Pick-ups have been the vehicle of choice for generations in the countryside and the backbone of the construction industry.
A few years ago pickup manufacturers raised their game when they realised traditional SUVs were becoming so expensive and a whole new customer profile was appearing in the shape of the active-lifestyle lovers.
Meeting the twin needs of those who want a pickup for pleasure or one for purpose saw the emergence of the models such as the SsangYong Musso in the dying decade of the 20th century. How times have changed since.
SsangYong sell a comparatively small range of carefully chosen models, the family sized Tivoli hatchback, compact Rexton SUV, Musso pick up and Korando large SUV. Today’s Musso, which in Korean means Rhino, comes in four trim levels but only the top Rhino version is long wheelbase while EX, Rebel and Saracen – the version we tested – are short-wheelbase.
The first Musso from the 1990s has been steadily developed and improved and for its 2022 version is based on the platform of the Rexton, so it feels more like an SUV than most pickups, and that’s a very good feeling.
The loadbed takes a tonne payload and it can pull a 3.5 tonne trailer, a unique double achievement in this class so explaining its repeated wins in specialist magazines aimed at the farming and construction industries where a workhorse like the Musso is appreciated.
Constant improvement and development means a much more imposing front end in black on the Saracen and Rhino versions. They all have a really good warranty.
Saracen models come with automatic transmission and range change, powered front seats and leather trim, climate control, privacy glass, parking sensors, 12.3-inch digital instruments with 9.2-inch infotainment console, cruise control and rear cross traffic alert.
So, it really lacks very little in creature comfort and its room in front or rear seats is remarkably good while the driver and passenger have the benefit of powered adjustment and there is heating for them too.
Under the tall bonnet is a very proven 2.2 litre diesel engine now tuned to give more power, greater torque and surprisingly better fuel economy so most users will see over 30mpg.
The tuning changes have improved responsiveness and on-road driveability, extended economy a bit and reduced mechanical noise to some extent but it’s a big four-pot diesel so its not going to be as quiet as a petrol unit.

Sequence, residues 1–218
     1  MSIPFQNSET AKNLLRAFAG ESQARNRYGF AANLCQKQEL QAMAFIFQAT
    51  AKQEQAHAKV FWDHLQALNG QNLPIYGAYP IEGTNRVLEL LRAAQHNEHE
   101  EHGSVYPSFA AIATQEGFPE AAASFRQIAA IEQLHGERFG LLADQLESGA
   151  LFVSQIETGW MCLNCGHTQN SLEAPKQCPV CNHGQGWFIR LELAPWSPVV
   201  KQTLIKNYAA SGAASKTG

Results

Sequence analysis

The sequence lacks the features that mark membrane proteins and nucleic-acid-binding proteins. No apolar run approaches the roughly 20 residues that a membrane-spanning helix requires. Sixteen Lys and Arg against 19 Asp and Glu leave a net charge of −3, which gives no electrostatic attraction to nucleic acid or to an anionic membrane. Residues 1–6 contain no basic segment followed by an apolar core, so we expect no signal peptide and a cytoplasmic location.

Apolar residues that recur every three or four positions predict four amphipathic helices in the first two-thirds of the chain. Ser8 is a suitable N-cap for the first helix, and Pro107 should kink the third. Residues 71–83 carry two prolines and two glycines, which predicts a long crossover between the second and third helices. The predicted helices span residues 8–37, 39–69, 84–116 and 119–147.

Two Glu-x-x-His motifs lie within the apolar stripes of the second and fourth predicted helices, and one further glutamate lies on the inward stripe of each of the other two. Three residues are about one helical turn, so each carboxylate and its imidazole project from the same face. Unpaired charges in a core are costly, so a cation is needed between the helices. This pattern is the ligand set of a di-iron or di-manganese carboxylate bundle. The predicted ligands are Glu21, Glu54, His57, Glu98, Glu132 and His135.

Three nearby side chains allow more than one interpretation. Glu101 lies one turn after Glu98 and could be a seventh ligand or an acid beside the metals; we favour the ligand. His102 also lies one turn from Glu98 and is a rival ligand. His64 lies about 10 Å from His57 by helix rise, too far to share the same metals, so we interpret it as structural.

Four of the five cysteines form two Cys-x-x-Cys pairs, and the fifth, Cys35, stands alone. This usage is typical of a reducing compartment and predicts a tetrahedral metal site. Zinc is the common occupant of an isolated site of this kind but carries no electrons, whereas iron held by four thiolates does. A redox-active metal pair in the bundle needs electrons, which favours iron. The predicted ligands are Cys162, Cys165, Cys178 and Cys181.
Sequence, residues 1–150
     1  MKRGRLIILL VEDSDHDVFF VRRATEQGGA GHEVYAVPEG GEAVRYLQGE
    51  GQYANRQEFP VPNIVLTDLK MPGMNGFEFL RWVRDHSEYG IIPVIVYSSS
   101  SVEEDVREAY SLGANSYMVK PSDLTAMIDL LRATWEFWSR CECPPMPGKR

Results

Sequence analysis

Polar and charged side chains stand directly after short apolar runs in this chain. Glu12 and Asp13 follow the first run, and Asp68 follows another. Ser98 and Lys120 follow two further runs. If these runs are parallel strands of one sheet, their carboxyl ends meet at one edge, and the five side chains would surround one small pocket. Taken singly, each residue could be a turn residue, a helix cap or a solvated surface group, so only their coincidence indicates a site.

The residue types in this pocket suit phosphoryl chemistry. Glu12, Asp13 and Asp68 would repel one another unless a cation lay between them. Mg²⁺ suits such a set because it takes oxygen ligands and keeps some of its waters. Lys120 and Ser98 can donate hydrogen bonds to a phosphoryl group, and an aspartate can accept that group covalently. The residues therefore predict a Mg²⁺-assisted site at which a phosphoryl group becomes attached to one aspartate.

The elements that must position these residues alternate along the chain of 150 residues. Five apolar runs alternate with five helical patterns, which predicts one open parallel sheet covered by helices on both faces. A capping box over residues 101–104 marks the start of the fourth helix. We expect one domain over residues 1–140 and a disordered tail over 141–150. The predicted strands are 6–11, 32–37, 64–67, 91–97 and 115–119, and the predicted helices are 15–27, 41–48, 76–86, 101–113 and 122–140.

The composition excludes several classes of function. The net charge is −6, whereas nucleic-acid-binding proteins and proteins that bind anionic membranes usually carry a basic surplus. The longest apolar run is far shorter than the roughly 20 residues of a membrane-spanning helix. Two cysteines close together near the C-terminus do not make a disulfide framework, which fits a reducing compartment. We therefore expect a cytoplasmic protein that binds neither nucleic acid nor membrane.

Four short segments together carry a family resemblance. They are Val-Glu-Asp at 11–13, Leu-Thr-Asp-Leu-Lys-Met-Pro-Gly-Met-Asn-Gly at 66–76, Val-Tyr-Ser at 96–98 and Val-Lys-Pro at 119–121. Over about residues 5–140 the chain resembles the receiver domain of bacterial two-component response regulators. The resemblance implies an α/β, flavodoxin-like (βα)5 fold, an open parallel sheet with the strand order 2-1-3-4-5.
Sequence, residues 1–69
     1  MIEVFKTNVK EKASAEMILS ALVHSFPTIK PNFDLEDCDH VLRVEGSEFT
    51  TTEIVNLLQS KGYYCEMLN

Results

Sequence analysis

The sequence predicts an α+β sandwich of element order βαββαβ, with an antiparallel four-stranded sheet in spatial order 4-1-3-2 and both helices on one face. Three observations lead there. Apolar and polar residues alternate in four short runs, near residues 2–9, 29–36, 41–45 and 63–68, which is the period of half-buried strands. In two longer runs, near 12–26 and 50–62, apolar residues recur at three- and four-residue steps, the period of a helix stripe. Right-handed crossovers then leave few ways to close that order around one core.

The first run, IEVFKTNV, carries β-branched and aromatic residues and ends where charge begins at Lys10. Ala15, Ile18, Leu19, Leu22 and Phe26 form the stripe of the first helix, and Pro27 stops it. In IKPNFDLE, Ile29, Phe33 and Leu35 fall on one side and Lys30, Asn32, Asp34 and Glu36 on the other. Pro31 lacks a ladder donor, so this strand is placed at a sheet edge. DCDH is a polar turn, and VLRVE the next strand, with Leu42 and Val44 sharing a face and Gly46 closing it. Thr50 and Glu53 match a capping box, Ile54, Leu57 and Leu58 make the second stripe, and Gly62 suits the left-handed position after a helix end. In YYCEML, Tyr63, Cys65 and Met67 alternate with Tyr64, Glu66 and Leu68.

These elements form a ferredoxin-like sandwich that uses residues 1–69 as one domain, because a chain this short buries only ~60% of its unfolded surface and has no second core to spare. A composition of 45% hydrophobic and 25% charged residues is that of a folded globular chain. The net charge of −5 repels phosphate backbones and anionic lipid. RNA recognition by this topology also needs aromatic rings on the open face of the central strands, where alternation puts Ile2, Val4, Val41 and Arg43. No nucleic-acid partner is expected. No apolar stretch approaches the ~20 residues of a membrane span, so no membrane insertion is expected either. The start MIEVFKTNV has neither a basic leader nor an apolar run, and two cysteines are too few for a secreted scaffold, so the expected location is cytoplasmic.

It was fitted with the six-speed automatic transmission and smooth as it was, there were times when it was hunting for a ratio and the changes were not particularly quick. Fortunately, the range change was simply achieved through a rotary selector wheel to the left of the gearstick and that was commendably brisk but not really meant for tarmac use, rather the deep mud and slopes of the countryside.
The big wheels and tyres produced a lot of road noise which came into the cabin and I would have liked more feel through the steering and a tighter turning circle if, for instance, weaving between trees and rocks.
Brakes were well up to their task and just modest pressure brought about strong retardation with a chunky handbrake to hand for slopes and parking.
Secondary switches around the column covered lights and wipers, but there was no rear wash/wipe of course, and the blades cleared a good slice of the screen infront. I was disappointed by the weak, short-range and narrow beams which would be a nuisance on a remote mountain track without additional spot lights.
Instruments were big and clear infront of the driver but the infotainment display in the console centre was small by comparison and at times looked cluttered. It also needed to be hooked up to the users mobile device for some features, which can be inconvenient if you don’t have the apps on your phone.
Climate controls were straightforward, comprehensive and worked very well to fill the cabin with selected air where you wanted it and at the amount required, backed up by powered windows all round.
Oddments room was good for a workhorse to push in items of various sizes but we struggled to release the loadbed roller-cover although the tailboard easily dropped level for access.
Climbing into or out of the cabin needed a foot on the running board and some dexterity but the room was very good inside for legs, heads and shoulders.
The seats were comfortable, better shaped infront of course, and provided excellent support under the thighs if needed.
Visibility was clear to the sides and front, more restricted over the shoulder with the wide rear pillars and you needed the safety sensors fitted.
On road handling was good, not exceptional due to the slow responding lifeless steering, but it did hang on well through corners thanks to its independent springing all round. Most bumps were absorbed without complaint.
At the end of the day you have to look at the Musso Saracen in context and compared to rivals it is good value for money, particularly if you’re going to use the space inside and on that loadbed.
It is also a good deal cheaper than some comparably comfortable SUVs and it has a strong on-road and off-road presence. The Saracen’s benefits outweigh its detractions.